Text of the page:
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Ohio colleges struggle to graduate minorities

By 2020, 45 percent of U.S. high school graduates will be non-white.

In Kathryn Brown’s family, college was never discussed. So when she heard that 98 percent of students from her private high school would go on to college, she thought to herself: “Well, I guess I’m in that 2 percent.”

“No one in my family had gone to college, so it was never really talked about,” said Brown, 27, who is Hispanic.

She eventually did go to college and is just two semesters away from finishing her degree in international studies at Wright State University. But she is in the minority: Only about 23 percent of Hispanic Ohio adults have a college degree — the least of any population group, according to the Lumina Foundation, a nonprofit dedicated to higher education.

In the coming years, more students of color than ever will be applying for college and entering the workforce — increasing pressure on schools to educate students they have traditionally not served well, according to an annual report on admission trends, “Knocking at the College Door,” which was released this month.

By 2020, 45 percent of U.S. students graduating from high school — and potentially entering college — will be non-white, according to the report.

Ohio will need more success stories like Brown’s to reach its goal to create a more highly-trained workforce that is competitive enough to attract new businesses by getting degrees into the hands of more of its residents.

“Large equity gaps around college success for people of color is a real issue,” said James Applegate, vice president of the Lumina Foundation. “That’s got to drive the conversation. If you really want to drive the conversation on a concrete basis, just look at your numbers and what kind of workforce employers need.”

Increasing diversity

Ohio’s Hispanic and Asian populations are increasing rapidly in the state’s colleges, while the numbers will drop for both white students (by 9 percent) and black students (22 percent) by 2020, the admissions report projects.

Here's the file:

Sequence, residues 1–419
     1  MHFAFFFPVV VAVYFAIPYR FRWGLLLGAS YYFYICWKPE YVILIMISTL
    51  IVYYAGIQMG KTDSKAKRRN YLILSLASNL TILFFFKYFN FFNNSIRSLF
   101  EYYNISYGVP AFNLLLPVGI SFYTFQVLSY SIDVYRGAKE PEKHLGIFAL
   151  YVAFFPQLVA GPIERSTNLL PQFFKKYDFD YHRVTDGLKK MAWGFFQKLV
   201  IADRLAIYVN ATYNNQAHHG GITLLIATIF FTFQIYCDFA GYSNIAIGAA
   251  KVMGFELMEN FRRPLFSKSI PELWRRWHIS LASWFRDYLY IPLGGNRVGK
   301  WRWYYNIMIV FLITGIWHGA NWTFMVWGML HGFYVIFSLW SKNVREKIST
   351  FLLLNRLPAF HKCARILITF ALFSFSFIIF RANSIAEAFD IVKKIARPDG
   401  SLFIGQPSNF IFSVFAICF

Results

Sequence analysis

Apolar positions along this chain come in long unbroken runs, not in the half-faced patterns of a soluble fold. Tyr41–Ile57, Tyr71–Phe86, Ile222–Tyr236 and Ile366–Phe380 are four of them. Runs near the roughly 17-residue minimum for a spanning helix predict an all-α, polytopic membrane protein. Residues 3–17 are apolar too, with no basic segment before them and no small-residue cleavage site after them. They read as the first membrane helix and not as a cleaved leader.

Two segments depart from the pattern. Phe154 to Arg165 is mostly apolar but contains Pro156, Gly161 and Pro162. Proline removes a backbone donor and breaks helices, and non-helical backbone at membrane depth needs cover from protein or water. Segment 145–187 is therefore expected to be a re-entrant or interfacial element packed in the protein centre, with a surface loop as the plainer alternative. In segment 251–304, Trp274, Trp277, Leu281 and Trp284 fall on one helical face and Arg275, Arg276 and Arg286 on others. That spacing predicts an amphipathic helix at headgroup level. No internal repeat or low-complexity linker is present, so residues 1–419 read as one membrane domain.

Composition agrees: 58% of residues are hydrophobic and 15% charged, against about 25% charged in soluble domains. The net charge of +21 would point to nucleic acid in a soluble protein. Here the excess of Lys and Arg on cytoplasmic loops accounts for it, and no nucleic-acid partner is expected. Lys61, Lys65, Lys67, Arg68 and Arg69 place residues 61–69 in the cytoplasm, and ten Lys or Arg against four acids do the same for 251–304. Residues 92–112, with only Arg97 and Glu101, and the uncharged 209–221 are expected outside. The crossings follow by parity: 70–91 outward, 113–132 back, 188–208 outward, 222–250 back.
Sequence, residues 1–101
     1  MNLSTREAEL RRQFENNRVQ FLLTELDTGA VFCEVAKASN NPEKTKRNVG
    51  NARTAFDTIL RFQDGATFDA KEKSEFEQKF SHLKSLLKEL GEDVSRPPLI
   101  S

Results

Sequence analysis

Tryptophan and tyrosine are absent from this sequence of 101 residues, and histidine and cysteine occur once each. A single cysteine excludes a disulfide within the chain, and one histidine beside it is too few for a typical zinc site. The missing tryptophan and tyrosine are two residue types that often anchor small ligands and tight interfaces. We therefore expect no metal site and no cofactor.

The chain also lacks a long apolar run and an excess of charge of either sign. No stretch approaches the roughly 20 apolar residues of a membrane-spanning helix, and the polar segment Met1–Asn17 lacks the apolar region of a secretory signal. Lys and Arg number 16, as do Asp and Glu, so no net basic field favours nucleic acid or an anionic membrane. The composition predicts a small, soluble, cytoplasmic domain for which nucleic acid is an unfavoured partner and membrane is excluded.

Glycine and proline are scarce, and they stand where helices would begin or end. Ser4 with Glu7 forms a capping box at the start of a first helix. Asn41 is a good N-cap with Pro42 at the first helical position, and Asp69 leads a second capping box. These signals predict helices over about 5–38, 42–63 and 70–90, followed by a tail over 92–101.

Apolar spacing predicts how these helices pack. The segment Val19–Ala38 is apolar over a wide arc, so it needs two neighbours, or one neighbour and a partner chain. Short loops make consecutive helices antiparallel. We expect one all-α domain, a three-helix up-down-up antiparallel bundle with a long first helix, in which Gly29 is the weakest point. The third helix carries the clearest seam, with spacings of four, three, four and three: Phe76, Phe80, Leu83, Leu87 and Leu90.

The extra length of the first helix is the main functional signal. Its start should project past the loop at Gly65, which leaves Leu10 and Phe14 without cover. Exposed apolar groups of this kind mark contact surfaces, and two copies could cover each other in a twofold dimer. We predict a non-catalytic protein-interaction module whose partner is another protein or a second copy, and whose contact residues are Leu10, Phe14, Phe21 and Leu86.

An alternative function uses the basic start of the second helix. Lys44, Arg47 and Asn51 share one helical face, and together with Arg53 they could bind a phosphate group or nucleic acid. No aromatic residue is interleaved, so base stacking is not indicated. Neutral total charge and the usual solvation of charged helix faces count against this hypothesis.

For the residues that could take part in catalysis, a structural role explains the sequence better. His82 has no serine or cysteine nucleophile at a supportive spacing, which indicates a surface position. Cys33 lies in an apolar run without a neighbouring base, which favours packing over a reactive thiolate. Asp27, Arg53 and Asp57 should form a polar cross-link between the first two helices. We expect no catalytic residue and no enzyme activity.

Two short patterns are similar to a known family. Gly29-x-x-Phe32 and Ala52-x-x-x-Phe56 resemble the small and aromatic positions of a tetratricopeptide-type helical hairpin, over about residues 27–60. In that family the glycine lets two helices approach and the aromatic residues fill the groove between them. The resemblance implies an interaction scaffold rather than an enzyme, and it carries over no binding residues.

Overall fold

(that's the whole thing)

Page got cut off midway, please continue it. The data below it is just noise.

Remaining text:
Although educating more minority students is not Ohio’s only challenge — the state’s rural students are also undereducated, Applegate said — it is an area where Ohio must make gains. An estimated 57 percent of new jobs that will be open through 2018 will require a college degree, and only about 36 percent of working-age Ohioans have that education, according to the Lumina Foundation.

Applegate noted that 80 percent of young people who earn bachelor’s degrees come from high-income families while just 11 percent come from the lowest income quartile.

Ciara Black came from one of those low-income quartiles. Black, 26, grew up in a poor neighborhood in Columbus. She met her father only once, and her mother did not attend college, although she prepared her for college by enrolling her in alternative Columbus schools.

“I didn’t know what college looked like,” said Black, now a graduate student at Wright State. “I didn’t have anyone before me to tell me, ‘Hey, you should take these classes.’ Or how to make friends. Or how to go about immersing yourself in college traditions. It was character building for sure, but it was still kind of difficult when you saw other people’s parents coming for family weekend or you being the last person to leave your room because you have to think about how you’re going to get home.”

Black will graduate from Wright State in April after earning her undergraduate degree from Ohio State with a double major in political science and African-American studies. As she launches a career in higher education, she said she hopes to be a voice for underrepresented students and serve as a mentor.